Pat's Tips and Techniques for Designing Paper Airplanes

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Designing Your Own Paper Airplanes

Actually designing paper airplanes is not hard. For the science fair student we may need to add some equations and/or deeper explanation as to the "whys" for these tips (and that information can be found in the eBook section). But, for the average person who just wants to experiment by folding and throwing here are a few tips to help reduce how many tries it takes to get a winner.

Step #1 is to decide what type of paper airplane you want - a dart, a straight glider, or an aerobatic airplane. A dart is a long, thin, sleek folded paper airplane that produces very little lift. It is made to be thrown very hard and go a long way by having very little drag. It won't stay in the air long because it doesn't have any ability to float. A true glider on the other hand has wing that produce lift and can stay airborne for longer periods of time. These come in three types - the faster straight glider, the slower glider that may even be trimmed to do long curved acrobatic flights, and a mid speed compromise between the two.

The dart is the easiest to design since all you are trying to do is fold as much of the paper toward the center as possible while leaving just enough "wing" and "fuselage" to act like rocket fins. About all you can do is start with a classic dart (or the same folds with the paper turned sideways) and start adding extra folds. These extra folds can add more weight at the "wing" edges or move more weight to the center to narrow the plane further. It does not seem much can be done but there are still a lot of published designs on people's ideas to improve the classic dart.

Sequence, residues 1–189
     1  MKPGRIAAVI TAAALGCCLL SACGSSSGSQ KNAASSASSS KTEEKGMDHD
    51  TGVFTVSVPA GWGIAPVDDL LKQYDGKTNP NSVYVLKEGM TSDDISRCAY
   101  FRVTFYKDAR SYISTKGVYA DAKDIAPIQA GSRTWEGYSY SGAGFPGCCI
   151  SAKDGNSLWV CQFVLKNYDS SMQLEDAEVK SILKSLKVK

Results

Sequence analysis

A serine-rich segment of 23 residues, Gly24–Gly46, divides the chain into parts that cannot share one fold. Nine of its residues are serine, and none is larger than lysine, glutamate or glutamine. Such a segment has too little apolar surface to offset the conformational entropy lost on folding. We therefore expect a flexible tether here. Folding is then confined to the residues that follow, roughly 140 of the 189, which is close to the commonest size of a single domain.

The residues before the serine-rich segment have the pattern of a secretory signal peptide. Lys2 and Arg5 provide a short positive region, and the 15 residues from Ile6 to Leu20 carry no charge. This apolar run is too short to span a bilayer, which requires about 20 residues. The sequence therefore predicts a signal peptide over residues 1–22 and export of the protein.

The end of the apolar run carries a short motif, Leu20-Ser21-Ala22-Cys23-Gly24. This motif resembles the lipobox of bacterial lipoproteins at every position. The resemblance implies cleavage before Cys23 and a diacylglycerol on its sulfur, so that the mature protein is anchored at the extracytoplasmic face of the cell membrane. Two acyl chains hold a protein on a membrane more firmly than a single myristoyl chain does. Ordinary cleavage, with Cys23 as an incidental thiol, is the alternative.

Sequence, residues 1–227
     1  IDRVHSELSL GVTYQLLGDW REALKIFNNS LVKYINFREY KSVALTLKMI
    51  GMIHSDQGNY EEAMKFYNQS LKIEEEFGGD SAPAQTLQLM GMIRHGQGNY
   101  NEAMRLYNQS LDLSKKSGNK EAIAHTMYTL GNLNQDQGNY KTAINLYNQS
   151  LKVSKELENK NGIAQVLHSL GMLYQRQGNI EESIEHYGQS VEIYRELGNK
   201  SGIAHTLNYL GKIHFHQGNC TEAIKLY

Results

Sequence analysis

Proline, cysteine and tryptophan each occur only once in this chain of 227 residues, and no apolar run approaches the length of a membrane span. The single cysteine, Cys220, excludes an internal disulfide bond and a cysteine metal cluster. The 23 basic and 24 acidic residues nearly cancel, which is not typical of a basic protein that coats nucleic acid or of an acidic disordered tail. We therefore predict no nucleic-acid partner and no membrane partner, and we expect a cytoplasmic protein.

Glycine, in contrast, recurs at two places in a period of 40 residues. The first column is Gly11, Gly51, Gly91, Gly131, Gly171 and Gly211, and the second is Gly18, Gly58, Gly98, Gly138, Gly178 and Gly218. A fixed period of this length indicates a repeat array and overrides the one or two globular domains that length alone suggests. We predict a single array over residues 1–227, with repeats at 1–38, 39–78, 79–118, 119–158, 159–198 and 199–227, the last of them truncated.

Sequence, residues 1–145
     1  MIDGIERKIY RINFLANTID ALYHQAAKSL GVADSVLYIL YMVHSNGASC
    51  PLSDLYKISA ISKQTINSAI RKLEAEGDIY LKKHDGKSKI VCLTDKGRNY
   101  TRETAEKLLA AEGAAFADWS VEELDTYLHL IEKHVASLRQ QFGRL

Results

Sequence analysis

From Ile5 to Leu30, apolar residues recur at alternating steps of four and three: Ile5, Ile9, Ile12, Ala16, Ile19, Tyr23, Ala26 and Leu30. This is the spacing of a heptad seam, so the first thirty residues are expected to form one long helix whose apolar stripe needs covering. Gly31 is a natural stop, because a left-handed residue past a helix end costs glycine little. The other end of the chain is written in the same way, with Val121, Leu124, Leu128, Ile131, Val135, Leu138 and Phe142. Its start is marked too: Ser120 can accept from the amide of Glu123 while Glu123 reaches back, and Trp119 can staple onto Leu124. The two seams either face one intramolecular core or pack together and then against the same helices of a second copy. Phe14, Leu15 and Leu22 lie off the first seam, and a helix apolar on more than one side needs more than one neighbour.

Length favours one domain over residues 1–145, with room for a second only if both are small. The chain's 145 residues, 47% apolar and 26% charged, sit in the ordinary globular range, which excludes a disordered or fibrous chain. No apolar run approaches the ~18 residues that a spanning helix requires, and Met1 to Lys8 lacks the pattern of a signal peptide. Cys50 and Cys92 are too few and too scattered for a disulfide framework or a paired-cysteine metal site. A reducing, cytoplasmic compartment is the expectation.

For a glider, wither a straight one or an acrobat, Key Point #1 is getting the balance correct. This means that the weight and the lift must work together to keep the nose of the airplane at a certain angle relative to the ground. This angle is called the angle of attack and controls how much lift the plane receives. The larger the angle the more lift. From here we need to decide if we want a slower "floater" or a straight and fast glider. The reason is that a "floater" or "acrobatic" style paper airplane requires a lot of lift compared to a straight flier. The best ways to get this extra lift is either by more wing span or by increasing the angle of attack. We are going to look a little deeper into the idea of increasing the angle of attack. If we look at the illustration below we notice that by shifting the weight of a straight glider forward it can become more acrobatic. However we must balance the plain by heavy trimming or adding a tail. This increases the angle of attack (more lift) but increases drag slowing the plane down. Usually resulting in a mid speed glider.

Airplane Balance Diagram

However, if we leave the weight alone; but, increase the tail loading (bigger tail or cutting aileron tabs) we force an even larger angle of attack; thus, moving the center of lift back. Often, going to a delta wing type of aircraft will have the same result.

Note: it is very hard to design a folded paper airplane that does looping type of acrobatics. One of the reasons for this is using a rectangular sheet makes if difficult to make a long wing span and fairly short wing cord (width). The best candidates for this type of plane is one whose shape is cut out prior to folding. This was popular in the 1960's time frame. But once glued card stock planes were available they could do a better job.

Some last tips:

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